When a cigar becomes a whale, a sign becomes art

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Local,Virginia,Taylor Holland

An Arlington County businessman has found a way around a strict county sign law that has bedeviled other businesses and this week forced the owner of a dog day care to paint over a giant mural of cartoon pooches.

County zoning officials had declared illegal the $1,000 mural of a man smoking a cigar painted on the exterior wall of Smokey Shope III in Crystal City. The painting amounted to a sign promoting the business and had to be removed, officials said.

But the owner, Smokey Atta, had other ideas. His solution: a blue whale.

Rather than paint over the entire mural, Atta paid to have a blue whale painted over the cigar in the man’s hand. It no longer qualifies as a sign promoting the shop. Now, it’s art.

“It looks beautiful,” store manager Gavin Ferguson said of the whale. “It doesn’t make a lot of sense, but the county made us do it. It was spontaneous. We were really just concerned about what we could make fit.”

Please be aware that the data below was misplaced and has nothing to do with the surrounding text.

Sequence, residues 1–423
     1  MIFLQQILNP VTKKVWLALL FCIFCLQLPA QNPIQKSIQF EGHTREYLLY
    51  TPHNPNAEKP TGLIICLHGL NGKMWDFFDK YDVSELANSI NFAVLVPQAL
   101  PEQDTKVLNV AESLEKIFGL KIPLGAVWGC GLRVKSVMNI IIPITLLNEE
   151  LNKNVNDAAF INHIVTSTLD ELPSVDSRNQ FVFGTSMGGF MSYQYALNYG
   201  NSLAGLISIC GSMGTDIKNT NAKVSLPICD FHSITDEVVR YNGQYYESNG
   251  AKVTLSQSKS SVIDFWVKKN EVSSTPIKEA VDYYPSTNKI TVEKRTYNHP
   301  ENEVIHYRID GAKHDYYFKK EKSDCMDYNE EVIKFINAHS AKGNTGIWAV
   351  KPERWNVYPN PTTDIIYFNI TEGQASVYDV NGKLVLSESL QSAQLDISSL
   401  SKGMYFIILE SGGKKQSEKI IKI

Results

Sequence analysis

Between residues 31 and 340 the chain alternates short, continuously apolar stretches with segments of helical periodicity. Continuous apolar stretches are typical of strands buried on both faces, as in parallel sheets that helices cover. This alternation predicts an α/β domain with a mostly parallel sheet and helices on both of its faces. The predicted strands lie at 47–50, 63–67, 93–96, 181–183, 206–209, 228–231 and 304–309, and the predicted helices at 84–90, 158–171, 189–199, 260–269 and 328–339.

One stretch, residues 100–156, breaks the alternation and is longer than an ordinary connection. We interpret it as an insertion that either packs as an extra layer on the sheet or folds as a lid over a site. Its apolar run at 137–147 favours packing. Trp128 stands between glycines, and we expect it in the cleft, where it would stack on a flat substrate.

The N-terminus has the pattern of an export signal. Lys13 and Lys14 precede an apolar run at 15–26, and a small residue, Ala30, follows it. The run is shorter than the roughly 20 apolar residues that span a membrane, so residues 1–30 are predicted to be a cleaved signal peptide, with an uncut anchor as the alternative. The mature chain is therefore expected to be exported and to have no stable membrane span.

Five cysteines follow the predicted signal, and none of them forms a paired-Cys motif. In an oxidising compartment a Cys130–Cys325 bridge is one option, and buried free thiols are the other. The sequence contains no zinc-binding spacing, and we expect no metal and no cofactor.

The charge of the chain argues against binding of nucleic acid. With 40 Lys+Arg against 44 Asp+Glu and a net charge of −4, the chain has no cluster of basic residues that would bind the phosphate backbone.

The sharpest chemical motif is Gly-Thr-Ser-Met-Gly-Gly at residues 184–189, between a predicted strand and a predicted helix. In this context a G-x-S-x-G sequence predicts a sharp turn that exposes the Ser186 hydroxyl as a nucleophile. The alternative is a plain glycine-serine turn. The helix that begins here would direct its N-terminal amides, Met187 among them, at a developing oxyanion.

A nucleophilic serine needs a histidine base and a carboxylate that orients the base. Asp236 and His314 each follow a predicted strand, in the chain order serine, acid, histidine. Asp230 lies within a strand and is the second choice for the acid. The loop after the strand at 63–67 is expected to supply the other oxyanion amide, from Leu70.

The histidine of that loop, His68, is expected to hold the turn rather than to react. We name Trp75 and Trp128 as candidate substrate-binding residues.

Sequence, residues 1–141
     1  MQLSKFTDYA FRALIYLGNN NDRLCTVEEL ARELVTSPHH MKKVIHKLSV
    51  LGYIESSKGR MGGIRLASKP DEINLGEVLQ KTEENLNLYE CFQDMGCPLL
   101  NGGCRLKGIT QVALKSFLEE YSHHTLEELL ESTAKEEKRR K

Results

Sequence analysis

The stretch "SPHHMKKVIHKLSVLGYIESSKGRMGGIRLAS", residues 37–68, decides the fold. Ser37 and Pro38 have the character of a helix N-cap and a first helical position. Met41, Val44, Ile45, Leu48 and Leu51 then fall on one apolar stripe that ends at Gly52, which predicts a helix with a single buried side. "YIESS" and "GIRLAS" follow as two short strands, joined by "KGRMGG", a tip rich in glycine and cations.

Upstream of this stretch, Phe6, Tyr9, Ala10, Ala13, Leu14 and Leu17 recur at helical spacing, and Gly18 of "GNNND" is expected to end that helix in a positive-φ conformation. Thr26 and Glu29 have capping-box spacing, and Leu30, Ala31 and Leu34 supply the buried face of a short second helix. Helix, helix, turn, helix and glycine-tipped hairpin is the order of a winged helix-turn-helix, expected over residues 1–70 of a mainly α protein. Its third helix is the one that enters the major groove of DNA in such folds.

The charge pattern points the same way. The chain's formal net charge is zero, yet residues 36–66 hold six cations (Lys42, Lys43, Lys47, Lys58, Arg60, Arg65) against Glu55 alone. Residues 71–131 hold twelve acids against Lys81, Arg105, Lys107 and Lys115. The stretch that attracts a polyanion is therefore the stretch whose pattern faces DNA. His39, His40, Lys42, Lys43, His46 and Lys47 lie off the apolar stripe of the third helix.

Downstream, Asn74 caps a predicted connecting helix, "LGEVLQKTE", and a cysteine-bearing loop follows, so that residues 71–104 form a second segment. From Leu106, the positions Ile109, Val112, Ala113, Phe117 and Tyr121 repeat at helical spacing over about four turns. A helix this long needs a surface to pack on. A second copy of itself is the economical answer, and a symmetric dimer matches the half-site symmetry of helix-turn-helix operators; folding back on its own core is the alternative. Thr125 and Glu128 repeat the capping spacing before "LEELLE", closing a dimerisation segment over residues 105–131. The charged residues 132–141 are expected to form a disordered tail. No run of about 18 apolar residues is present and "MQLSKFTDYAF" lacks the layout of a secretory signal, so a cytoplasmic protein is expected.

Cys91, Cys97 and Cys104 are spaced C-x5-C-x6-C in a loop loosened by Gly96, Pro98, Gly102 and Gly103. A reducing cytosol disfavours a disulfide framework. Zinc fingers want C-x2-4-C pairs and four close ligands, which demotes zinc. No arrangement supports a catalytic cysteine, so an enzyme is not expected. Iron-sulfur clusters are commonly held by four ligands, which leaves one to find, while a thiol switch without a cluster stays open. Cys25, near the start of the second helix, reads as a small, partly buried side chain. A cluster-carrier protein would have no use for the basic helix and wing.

Arlington County’s zoning administrator, Norma Cozart, said that with a whale replacing the cigar, the mural now is considered art.

Smokey Shope III arrived at its unusual solution after the county forced another business owner, Kim Houghton, of Wag More Dogs, an Arlington dog day care center, to paint over a mural on her building.

Two years ago, Arlington told Houghton that her building-sized painting of cartoon dogs, bones and paw prints, which faced an adjacent dog park, had to come down because it illegally promoted the business even though it didn’t mention the shop.

Houghton fought the county’s decision in court for two years, but last May a judge ruled in favor of the county. Houghton’s attorney, Robert Frommer, said the ruling set “a very dangerous precedent” for future causes of “government bureaucrats playing art critics.”

“[It] was truly my expression of my love of dogs and this park in particular,” Houghton said.

The mural’s new artists, Rob Fogle and Zack Weaver, began painting over the dog mural on Tuesday. Fogle said the new mural was “still evolving,” but would feature a massive tree composed of city buildings and surrounded by birds.

The new mural — which will be completely dog-free — should be finished in two weeks.

tholland@washingtonexaminer.com

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